When I further searched by "Geographic Descriptors" rather than "Author Affiliation," I located two more papers written by authors affiliated with the Russian-Armenian (Slavonic) University:

  1. Tax Reforms as Capital Market Development Factor, Transition Studies Review, 2006, v. 13, iss. 1, pp. 131-41.
  2. Rating System as a Banking Performance Regulator in the Conditions of Transition Economy, Transition Studies Review, 2005, v. 12, iss. 2, pp. 222-30.

Some progress, but much more is needed. Once again, it will be good to hear the views of others on this important subject.


nazarian said...

My theory for not having economy oriented research in Armenia is that such titans of Armenian economic mind, such as Dodi Gago or Alraghaci Lyov, do not need no stinky economic research.

David said...

Notwithstanding the damage that the oligarchs might be doing to Armenia, what do they have to do with the desire and ability of a person to excel.
What is stopping a person from grabbing data on any economic activity, doing some statistical work, comparing the findings to others (and other countries), and submiting it to be published? The upside, of course, is that by publishing they have better prospects of employment anywhere in the world.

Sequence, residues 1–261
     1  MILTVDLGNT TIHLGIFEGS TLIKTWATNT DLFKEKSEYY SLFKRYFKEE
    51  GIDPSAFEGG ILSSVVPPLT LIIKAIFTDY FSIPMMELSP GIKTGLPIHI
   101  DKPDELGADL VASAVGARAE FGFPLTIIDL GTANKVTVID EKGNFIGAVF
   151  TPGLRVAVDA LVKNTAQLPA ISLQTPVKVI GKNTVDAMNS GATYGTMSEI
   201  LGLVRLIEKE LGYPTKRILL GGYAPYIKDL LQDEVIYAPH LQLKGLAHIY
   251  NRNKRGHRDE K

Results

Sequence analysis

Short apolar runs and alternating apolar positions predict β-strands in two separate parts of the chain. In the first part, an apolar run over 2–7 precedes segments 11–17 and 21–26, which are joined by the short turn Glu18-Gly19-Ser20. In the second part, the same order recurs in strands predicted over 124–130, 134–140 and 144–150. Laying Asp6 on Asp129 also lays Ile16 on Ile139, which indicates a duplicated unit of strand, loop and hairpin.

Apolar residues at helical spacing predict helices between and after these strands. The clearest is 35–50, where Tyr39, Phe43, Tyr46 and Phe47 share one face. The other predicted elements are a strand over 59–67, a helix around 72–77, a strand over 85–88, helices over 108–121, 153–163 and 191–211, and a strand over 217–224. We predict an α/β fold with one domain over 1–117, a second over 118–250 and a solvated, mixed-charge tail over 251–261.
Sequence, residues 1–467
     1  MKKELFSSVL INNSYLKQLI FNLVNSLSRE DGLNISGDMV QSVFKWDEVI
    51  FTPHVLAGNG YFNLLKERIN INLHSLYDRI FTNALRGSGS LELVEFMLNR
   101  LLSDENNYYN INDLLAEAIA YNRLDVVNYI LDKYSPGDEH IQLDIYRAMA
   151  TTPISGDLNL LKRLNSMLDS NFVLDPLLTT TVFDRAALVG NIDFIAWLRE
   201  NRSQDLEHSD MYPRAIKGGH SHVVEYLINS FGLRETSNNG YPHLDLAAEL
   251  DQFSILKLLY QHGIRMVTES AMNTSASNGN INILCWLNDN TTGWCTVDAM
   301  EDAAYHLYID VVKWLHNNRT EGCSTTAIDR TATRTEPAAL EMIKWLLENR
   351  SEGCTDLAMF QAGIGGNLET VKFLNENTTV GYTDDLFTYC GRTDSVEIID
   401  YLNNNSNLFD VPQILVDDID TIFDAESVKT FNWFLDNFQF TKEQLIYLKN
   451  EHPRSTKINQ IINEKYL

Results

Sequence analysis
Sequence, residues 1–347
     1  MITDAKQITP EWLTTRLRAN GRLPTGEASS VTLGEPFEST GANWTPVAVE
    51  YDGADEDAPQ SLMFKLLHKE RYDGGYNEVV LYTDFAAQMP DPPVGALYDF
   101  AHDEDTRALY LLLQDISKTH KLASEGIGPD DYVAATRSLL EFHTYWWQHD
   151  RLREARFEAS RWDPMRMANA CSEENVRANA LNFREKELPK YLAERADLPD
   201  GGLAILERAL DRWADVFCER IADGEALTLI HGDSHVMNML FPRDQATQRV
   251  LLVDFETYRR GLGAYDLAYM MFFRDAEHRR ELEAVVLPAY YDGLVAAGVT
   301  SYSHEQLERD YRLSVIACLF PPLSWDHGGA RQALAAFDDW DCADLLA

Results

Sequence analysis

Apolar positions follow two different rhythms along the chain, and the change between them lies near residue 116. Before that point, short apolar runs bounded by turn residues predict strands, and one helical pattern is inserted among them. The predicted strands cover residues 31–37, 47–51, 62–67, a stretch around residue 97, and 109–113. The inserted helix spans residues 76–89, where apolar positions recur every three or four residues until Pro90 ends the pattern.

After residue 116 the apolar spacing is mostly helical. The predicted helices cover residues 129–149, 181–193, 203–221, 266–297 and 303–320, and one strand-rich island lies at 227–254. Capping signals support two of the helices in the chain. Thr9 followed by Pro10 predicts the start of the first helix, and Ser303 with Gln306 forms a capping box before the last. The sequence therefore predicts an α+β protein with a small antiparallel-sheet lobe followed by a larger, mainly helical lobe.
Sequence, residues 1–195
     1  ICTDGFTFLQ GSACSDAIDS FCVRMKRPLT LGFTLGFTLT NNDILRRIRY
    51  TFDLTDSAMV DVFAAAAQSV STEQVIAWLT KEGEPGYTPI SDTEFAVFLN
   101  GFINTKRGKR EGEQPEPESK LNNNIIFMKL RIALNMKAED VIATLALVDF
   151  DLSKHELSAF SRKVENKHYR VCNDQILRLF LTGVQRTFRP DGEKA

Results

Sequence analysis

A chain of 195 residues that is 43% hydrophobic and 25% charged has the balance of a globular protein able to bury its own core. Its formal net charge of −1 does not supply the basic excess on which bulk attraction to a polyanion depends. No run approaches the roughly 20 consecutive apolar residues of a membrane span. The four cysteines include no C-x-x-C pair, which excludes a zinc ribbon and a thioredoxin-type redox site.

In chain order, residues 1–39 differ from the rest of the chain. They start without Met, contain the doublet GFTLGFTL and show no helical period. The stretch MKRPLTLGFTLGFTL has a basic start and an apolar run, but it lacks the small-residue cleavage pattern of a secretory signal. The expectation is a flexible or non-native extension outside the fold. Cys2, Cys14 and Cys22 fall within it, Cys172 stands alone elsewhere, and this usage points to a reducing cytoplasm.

Vahe Heboyan said...

I tried to post a comment earlier and do not why it did not come through.

what about the human capacity for conducting economic research? my believe is that more than 90% of economics students and professors in Armenia do not know what econometrics is. they are used to the what I like to call "table analysis".

one might argue, what about those that are trained abroad ? my thinking is that vast majority of them either do not come back and/or find non-economics jobs. the rest are in the organizations such as CBA, UNDP, WB that time to time produce some sort of papers.

i agree also with nazarian's comment that there is not demand for such papers. does anyone heard of a businessman who does a market demand analysis for his/her products other than a few maybe consumer quick surveys?

will be nice to look at who uses statistical data.

Good post !!!

P.S. Are you David in US?

nazarian said...

There are no securities markets in Armenia. The most sophisticated tool so far has been the bond issuance by the Cafesjian owned Cascad Bank.

I don't even think there is a secondary market to trade this bond :). There is no functional stock market in Armenia either because there are no publicly owned corporations. It's really a sad situation, and I don't see it changing any time soon.

David said...

The old saying "publish or perish" applies universally, and our young economists and researchers need to publish to get ahead regardless of the obstacles.
My former students in Yerevan used to tell me that it is access to data that makes it difficult to write. I suspect that there are many additional reasons for not writing, including language (English).
Yes it is David J. I have removed my private info from the blog -- I have been getting way too many spam emails (all of my addresses). Please use the blog email for further info.